More than 10 million smart devices in Western European capitals are vulnerable to attack, according to a new report from Trend Micro.
Exposed Internet of Things (IoT) devices—or those that are discoverable and accessible via network scanners or search engines—are a prime target for cybercriminals seeking vulnerabilities, the report stated.
"Since an exposed cyber asset is accessible and visible to the public, attackers can take advantage of the available information about the machine," the report stated. "Whether by searching on internet scanners or directly profiling the machine using a variety of network tools such as Nmap, attackers can collect information on the device (including its potential vulnerabilities) and use that to mount an attack."
For example, a criminal might check if the associated software of a device is vulnerable, or if the administration console password is easy to crack.
SEE: Enterprise IoT Research 2017: Benefits, Trends, and Security Concerns (Tech Pro Research)
Trend Micro used internet scanner Shodan to find smart devices and systems such as webcams, baby monitors, medical equipment, industrial control systems, home appliances, and databases in Western European capital cities.
Here are the five Western European cities with the highest number of exposed systems:
2.8 million exposed systems
2.5 million exposed systems
1.4 million exposed systems
949,000 exposed systems
543,000 exposed systems
The most common exposed device types were wireless access points, firewalls, webcams, routers, and security devices, the report found.
SEE: Cybersecurity in an IoT and mobile world (free PDF) (ZDNet/TechRepublic special report)
Tips to keep your business safe
Enterprises in any nation should have a security checklist that includes securing the network infrastructure by segmenting a network according to function, department, geographic location, and level of security. They should also implement log analysis for threat detection and remediation, and properly configure user access profiles, workstations, and servers, including internet-connected devices, using the least-privilege model, the report stated.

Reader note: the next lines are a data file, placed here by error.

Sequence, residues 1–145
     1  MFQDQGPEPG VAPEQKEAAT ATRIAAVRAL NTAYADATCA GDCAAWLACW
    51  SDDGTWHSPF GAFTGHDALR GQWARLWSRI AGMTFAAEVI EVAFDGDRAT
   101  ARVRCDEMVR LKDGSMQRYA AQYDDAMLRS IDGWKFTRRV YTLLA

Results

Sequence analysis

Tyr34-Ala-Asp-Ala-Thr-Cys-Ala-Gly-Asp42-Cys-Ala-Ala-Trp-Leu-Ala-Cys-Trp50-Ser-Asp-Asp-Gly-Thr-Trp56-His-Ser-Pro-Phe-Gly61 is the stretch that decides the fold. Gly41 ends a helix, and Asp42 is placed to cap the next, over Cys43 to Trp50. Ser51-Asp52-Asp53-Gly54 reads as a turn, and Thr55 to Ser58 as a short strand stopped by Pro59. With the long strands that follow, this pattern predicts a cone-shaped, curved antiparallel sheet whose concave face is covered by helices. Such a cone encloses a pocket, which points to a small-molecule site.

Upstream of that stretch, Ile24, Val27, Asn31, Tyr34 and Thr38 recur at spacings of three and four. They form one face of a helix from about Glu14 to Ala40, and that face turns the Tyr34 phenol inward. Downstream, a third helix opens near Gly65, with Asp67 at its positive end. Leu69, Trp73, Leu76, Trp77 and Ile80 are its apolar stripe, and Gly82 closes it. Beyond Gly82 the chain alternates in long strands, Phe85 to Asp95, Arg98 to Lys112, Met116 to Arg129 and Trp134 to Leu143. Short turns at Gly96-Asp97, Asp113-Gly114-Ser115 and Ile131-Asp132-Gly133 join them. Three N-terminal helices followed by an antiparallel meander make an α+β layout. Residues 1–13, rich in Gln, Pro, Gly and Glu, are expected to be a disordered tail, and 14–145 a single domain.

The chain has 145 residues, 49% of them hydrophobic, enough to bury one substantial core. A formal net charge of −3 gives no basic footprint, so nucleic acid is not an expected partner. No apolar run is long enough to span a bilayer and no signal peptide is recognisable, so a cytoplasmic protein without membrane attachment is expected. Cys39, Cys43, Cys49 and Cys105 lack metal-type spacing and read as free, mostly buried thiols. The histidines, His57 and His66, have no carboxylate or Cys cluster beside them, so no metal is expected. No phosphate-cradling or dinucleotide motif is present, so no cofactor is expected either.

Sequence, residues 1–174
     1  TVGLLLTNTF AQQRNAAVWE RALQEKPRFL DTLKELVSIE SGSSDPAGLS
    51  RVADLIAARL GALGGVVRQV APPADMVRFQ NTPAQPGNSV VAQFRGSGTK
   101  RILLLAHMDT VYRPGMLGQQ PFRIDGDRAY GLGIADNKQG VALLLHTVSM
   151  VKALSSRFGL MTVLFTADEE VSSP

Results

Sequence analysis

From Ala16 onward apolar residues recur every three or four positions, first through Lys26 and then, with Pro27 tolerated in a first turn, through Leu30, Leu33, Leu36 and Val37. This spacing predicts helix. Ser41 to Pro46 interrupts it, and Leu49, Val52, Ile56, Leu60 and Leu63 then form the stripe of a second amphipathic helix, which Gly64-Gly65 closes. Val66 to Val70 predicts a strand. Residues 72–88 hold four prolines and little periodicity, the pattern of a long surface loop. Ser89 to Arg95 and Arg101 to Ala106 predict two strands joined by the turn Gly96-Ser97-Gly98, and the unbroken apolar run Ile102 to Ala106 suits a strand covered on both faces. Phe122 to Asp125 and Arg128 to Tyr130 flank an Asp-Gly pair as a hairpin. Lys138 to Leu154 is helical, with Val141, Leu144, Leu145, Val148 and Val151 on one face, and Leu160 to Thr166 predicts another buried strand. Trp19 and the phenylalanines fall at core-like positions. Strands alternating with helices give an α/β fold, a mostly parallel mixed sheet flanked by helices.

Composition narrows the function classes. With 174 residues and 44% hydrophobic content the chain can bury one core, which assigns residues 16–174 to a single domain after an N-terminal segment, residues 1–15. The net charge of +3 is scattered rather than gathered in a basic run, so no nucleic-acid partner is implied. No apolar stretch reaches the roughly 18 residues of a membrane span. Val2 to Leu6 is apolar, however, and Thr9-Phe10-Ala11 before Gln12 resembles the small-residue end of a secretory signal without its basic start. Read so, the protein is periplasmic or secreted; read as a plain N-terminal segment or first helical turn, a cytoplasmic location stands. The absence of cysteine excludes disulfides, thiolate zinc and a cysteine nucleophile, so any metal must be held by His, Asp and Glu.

Businesses can also protect sensitive data by establishing different access guidelines, implementing identity-based and cloud encryption, and building a data protection infrastructure with multi-tiered access, according to the report.
"Ultimately, no defense is impregnable against determined adversaries," the report stated. "Having effective alert, containment, and mitigation processes is critical."
- Report: 77% of companies say IoT has created 'significant' security gaps (TechRepublic)
- Enterprise IoT adoption to hit critical mass by 2019, but security remains a top concern (TechRepublic)
- Internet of Things: The Security Challenge (ZDNet)
- Here are the biggest IoT security threats facing the enterprise in 2017 (TechRepublic)
- Why big data leaders must worry about IoT security (TechRepublic)
- Hiring kit: IoT developer (Tech Pro Research)
Alison DeNisco Rayome has nothing to disclose. She does not hold investments in the technology companies she covers.
Alison DeNisco Rayome is a Senior Editor for TechRepublic. She covers CXO, cybersecurity, and the convergence of tech and the workplace.